15 Apr We Need To Talk About The 90s
It is no secret that the 90s have been an enduring trend over the past seasons- plaid, crop tops, and basically Liv Tyler’s entire wardrobe from Empire Records have been everywhere. It was refreshing at first; we flirted with a peek-a-boo midriff here, stomped around in a pair of lug-soled boots there. The so-called grunge revival served as the perfect foil to the flashiness and brand-named excess of the aughties (hello, Juicy sweatsuits). Fashion is often touted as simply recycling the past, and the 90s had so much to give, from Claire Danes in My So-Called Life to CK One. But how much is too much?
There is no deviation in the life cycle of a trend; the only variable is the amount of time it takes for the trend to go through its paces. High fashion beginnings on the runways eventually trickle down into the mass markets. Once the masses have grown weary of the trend, it will meet its untimely death at the hands of a discount store bargain bin some time later. So it goes.
The problem with the 90s is that, despite reaching its saturation point, there seems to be no expiry date in sight. On a recent trip to California, nearly every girl I saw from ages 13 to mid 20s seemed to be wearing varying iterations of the same thing: high waisted shorts, artfully tattered t shirts, and flannels tied carefully around the waist. It was as if every vaguely grungy Tumblr post I’d ever seen had come to life. The whole 90s manifesto was to be more raw and undone, to be an individual. Yet here were these people, painstakingly putting themselves together to achieve the 90s look, only to melt into an alarming sea of sameness.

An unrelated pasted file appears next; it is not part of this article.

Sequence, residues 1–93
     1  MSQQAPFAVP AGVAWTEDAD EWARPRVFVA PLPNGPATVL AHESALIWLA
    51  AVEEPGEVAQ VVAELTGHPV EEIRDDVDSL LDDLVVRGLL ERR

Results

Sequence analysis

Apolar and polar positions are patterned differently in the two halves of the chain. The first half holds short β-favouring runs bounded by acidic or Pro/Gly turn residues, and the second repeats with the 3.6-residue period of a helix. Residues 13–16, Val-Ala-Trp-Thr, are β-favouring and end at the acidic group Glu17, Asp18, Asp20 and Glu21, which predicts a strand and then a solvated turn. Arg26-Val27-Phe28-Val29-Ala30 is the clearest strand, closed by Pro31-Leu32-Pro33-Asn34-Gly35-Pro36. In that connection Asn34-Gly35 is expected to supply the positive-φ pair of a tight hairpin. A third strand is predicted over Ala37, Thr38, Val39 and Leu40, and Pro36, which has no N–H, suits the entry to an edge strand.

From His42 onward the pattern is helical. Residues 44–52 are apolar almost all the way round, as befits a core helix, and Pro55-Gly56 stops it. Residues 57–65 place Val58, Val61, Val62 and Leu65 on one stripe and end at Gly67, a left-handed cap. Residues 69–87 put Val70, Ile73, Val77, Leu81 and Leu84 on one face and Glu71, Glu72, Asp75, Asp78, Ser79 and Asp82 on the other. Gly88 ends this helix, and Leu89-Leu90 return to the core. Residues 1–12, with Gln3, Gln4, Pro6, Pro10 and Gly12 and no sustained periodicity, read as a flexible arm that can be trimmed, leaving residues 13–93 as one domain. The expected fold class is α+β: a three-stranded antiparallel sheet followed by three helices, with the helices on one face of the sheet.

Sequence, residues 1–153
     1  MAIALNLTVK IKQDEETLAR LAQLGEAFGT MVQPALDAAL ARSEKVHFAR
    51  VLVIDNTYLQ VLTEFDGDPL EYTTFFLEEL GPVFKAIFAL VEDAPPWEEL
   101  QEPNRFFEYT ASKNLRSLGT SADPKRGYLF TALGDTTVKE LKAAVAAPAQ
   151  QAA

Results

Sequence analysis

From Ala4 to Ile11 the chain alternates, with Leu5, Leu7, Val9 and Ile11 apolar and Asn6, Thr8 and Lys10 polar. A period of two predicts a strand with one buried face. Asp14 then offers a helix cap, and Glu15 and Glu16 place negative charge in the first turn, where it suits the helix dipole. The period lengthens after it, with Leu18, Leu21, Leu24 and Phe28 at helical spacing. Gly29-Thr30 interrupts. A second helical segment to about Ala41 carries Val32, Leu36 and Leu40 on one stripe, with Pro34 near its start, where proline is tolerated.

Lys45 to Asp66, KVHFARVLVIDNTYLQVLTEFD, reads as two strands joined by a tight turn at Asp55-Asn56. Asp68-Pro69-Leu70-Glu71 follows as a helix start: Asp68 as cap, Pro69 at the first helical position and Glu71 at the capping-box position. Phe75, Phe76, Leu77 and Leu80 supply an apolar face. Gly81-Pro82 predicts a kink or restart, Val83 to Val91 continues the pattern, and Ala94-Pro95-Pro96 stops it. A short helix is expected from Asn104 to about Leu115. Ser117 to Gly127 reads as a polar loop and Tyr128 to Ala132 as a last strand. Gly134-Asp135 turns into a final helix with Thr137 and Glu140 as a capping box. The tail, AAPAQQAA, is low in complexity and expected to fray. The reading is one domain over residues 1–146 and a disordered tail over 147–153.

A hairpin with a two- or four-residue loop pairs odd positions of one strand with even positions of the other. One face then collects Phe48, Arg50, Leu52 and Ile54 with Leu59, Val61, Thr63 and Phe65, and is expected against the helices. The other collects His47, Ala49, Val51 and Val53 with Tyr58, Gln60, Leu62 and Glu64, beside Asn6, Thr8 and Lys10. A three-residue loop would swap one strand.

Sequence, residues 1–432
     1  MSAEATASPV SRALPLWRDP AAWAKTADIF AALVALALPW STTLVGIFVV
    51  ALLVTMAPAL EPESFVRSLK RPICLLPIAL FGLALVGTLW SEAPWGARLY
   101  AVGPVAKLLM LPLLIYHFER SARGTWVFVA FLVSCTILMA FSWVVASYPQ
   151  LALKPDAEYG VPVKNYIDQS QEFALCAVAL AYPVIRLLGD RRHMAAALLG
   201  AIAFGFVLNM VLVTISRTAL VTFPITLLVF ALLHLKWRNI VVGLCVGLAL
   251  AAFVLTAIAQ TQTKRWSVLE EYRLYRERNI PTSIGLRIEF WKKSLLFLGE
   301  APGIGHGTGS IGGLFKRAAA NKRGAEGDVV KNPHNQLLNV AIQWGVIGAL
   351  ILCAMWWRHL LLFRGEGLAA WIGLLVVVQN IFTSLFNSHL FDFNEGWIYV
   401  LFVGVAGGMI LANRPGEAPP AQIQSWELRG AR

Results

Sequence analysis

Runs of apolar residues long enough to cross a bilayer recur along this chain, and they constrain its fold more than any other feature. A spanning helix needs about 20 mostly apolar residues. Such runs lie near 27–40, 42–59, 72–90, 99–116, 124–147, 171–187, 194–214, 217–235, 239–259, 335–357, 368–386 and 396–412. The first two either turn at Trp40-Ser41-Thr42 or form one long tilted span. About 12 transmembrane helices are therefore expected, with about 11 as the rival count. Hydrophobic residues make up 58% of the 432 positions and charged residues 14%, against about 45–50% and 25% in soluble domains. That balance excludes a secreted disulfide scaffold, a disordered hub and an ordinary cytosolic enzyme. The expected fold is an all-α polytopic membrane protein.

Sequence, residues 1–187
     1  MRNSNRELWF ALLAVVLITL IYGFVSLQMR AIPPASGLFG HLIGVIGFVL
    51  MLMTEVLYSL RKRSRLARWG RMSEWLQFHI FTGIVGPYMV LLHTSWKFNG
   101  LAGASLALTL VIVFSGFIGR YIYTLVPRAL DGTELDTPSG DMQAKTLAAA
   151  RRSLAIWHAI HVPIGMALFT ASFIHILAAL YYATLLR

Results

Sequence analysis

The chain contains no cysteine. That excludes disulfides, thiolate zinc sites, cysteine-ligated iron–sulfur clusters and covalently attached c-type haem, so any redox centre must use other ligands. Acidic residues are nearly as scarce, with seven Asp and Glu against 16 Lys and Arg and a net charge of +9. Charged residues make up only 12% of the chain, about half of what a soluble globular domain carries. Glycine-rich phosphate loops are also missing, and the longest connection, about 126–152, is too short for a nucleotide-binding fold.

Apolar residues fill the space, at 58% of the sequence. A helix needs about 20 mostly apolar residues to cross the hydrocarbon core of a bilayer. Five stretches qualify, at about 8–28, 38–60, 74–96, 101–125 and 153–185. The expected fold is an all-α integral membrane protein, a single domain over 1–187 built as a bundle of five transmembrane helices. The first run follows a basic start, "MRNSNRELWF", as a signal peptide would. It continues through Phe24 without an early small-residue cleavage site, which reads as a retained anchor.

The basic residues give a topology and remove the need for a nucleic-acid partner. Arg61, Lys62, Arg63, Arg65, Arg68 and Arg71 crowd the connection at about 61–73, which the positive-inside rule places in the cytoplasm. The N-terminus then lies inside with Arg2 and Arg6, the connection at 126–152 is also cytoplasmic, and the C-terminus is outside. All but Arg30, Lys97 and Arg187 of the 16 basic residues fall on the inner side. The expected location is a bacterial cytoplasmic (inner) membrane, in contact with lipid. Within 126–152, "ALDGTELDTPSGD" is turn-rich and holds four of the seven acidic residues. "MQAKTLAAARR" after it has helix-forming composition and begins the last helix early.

You can go buy your light wash high waisted shorts from Urban Outfitters or Topshop, Forever 21 or Brandy Melville. In fact, you can buy the entire look from these places. Which is not to say that there is anything wrong with these stores, just that I cannot remember a time when the “authentic 90s look” was not readily available for purchase at your local mall. It seems like this trend has been stuck in the “mass markets” phase for the past three years.
Yes, fashion exists in an endless waltz of reinterpreting old styles, but each decade has left behind its own distinct look. It is almost midway through this decade, and do we really want 2010s style to simply be defined by its regurgitation of 90s nostalgia?
Our courtship with the 90s has been fun. I will never forget you, knee highs. It’s not you, it’s me, thrifted flannels. Maybe we can be together again some day, but for now, it is time to tuck you away into the darkest corners of my closet. I love Clueless as much as the next person, but it is time to move on.
Sanam Yar, Incoming Fashion Editor